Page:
JAKARTA: In an old cemetery in the Indonesian capital, Enur’s family and others live in makeshift houses between tombstones, a handful of the millions of poor people that new President Joko Widodo has pledged to help.
But Widodo’s promise to close a fast-growing wealth gap is looking tougher after his decision last week to hike subsidized fuel prices, which observers warn will hit the poor hard as food prices rocket due to higher transportation costs.
While the reduction in government subsidies is widely viewed as the right move towards getting Southeast Asia’s top economy back on track, for those at the bottom it will mean a harder time in the short term.
Enur, 40, who earns about 50,000 rupiah ($4) a day to feed his family by driving a construction truck and selling fried snacks, sees no other choice than to borrow more to deal with an expected spike in inflation.
“What else is there to cut? Should I halve our daily rice intake? My children will be crying in hunger,” the father of two, who has another child on the way and goes by one name, told Agence France-Presse.
It is the same story for his neighbors at the Jakarta cemetery, many of whom work as scavengers in the city’s rubbish dumps, hunting for plastic bottles and cardboard boxes that they can sell on to scrape by.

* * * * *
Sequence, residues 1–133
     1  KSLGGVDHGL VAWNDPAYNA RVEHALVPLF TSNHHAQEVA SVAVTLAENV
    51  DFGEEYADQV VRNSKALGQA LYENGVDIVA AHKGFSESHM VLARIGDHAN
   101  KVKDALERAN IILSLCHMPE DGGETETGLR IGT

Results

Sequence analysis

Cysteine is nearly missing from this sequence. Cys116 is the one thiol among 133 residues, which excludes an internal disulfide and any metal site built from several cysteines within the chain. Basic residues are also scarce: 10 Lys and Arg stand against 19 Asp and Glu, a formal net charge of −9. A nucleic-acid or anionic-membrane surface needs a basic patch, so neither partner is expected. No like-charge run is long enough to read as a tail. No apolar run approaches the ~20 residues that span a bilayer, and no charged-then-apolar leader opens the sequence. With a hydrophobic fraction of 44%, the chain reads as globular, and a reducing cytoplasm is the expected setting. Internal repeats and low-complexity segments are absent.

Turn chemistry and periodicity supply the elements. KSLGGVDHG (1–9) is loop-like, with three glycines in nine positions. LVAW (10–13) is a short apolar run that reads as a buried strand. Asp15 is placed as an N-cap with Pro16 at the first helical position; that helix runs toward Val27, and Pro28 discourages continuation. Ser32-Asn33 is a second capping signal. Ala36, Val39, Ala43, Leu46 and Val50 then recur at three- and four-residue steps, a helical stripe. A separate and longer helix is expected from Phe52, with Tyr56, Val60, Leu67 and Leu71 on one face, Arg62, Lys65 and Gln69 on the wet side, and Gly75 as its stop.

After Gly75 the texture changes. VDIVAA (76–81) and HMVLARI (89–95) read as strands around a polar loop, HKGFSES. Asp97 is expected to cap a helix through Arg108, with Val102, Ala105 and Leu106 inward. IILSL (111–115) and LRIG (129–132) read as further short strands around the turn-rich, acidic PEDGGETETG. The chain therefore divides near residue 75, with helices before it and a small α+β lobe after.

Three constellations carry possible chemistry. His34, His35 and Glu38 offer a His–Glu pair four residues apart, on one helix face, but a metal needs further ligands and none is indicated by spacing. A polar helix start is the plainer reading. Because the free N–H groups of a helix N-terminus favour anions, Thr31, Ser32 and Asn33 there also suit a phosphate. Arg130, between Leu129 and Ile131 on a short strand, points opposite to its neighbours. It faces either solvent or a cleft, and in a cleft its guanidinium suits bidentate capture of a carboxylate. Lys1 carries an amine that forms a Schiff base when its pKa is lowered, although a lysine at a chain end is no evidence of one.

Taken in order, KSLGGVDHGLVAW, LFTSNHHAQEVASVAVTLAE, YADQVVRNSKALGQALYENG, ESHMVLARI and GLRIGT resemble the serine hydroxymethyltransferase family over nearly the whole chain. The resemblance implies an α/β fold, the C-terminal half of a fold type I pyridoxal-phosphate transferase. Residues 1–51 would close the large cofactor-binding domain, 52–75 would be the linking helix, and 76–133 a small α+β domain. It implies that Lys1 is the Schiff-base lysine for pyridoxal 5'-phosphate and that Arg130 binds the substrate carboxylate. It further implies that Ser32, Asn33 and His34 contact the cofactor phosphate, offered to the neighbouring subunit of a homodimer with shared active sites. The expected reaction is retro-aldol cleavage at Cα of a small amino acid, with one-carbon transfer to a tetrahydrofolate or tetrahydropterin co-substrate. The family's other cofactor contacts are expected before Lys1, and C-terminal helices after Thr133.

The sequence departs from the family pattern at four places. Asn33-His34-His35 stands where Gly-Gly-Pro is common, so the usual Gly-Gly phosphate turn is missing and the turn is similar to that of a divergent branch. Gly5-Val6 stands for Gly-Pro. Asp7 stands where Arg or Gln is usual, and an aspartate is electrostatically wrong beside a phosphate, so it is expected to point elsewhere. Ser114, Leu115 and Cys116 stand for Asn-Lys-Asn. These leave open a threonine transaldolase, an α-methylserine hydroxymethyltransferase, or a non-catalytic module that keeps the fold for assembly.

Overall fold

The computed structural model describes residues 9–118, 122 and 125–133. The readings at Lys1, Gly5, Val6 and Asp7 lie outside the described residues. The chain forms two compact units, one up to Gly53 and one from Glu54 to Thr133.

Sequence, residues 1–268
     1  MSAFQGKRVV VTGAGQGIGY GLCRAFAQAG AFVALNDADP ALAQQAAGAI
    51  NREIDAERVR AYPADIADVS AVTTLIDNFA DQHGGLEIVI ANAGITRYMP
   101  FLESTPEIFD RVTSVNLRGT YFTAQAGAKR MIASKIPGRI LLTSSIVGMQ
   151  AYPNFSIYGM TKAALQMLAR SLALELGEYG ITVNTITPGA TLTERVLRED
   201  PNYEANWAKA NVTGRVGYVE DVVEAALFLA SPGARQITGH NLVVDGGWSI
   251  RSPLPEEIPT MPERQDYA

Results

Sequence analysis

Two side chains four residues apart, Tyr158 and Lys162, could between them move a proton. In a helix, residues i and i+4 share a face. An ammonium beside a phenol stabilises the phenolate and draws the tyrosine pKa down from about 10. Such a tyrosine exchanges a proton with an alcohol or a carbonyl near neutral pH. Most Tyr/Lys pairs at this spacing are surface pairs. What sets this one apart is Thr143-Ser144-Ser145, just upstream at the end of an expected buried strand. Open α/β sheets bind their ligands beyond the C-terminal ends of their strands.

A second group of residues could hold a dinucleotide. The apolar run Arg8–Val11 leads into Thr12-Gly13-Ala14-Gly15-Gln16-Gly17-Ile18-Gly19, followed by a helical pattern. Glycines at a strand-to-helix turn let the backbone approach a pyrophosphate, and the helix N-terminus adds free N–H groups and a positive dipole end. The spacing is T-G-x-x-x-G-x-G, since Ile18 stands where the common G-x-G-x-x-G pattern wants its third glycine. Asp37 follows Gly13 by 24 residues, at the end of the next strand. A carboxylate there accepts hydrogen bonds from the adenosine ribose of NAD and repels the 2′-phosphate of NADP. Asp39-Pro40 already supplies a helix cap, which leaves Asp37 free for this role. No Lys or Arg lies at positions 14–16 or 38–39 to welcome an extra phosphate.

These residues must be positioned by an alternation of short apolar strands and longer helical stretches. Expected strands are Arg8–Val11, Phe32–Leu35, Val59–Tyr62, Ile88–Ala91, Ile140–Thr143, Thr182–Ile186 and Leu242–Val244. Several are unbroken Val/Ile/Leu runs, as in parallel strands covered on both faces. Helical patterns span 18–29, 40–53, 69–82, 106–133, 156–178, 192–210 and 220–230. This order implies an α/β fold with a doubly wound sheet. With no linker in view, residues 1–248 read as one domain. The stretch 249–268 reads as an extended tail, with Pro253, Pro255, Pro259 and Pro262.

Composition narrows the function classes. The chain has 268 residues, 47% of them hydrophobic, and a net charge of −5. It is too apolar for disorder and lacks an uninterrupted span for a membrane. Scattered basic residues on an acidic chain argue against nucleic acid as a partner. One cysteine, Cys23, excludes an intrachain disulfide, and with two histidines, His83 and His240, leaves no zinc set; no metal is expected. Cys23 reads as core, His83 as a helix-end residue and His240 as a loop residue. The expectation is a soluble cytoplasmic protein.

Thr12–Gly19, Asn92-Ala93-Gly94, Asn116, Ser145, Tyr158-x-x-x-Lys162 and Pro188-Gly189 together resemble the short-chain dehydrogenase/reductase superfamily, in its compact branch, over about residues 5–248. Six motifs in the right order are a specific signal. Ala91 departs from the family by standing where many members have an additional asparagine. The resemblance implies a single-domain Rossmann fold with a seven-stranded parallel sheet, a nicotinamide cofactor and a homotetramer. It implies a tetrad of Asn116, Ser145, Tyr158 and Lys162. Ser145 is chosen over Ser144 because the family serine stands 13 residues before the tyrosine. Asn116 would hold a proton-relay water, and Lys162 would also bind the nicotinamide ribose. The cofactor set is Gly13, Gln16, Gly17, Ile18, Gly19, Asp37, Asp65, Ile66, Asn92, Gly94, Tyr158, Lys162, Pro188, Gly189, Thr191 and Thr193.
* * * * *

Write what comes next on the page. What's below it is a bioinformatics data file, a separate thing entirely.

About 100 million Indonesians, out of a population of 250 million, have missed out on the country’s sustained economic boom over the past decade, living below or just slightly above the poverty line.
The country’s Gini coefficient, which measures income inequality, rose from 31 percent in 2001 to 41 percent in 2012, one of the fastest rates in Asia, the World Bank said. The higher the figure, the less evenly wealth is distributed in an economy.
The gap is all too clear in Jakarta, a sprawling metropolis where flashy Lamborghini sports cars zoom past people hauling wooden carts filled with rubbish that they are trying to sell, and in which they sleep at night.
In the short term, the increase in fuel costs risks widening this gap. Fuel prices rose more than 30 percent, to 8,500 rupiah (70 US cents) for a liter of petrol and 7,500 rupiah for diesel, but are still among the cheapest in the world.
While it is Indonesians wealthy enough to own cars and motorbikes who mainly benefitted from the subsidies, they are not the ones who are hardest hit when the payouts are cut, observers warn.
The government predicts inflation will increase by around two percent in the coming weeks but the poor, who often live in remote places where it is more difficult to transport food, will face even higher price rises.
Inflation was 4.8 percent year-on-year in October.
Nevertheless, observers agree that Indonesia had no choice but to reduce the subsides that gobble up a huge chunk of the state budget, particularly at a time growth is slowing and the money is needed to help the economy.
“It is a bitter pill that we have to swallow because we need it,” Asep Suryahadi, the director of a think-tank focusing on poverty, SMERU, told Agence France-Presse.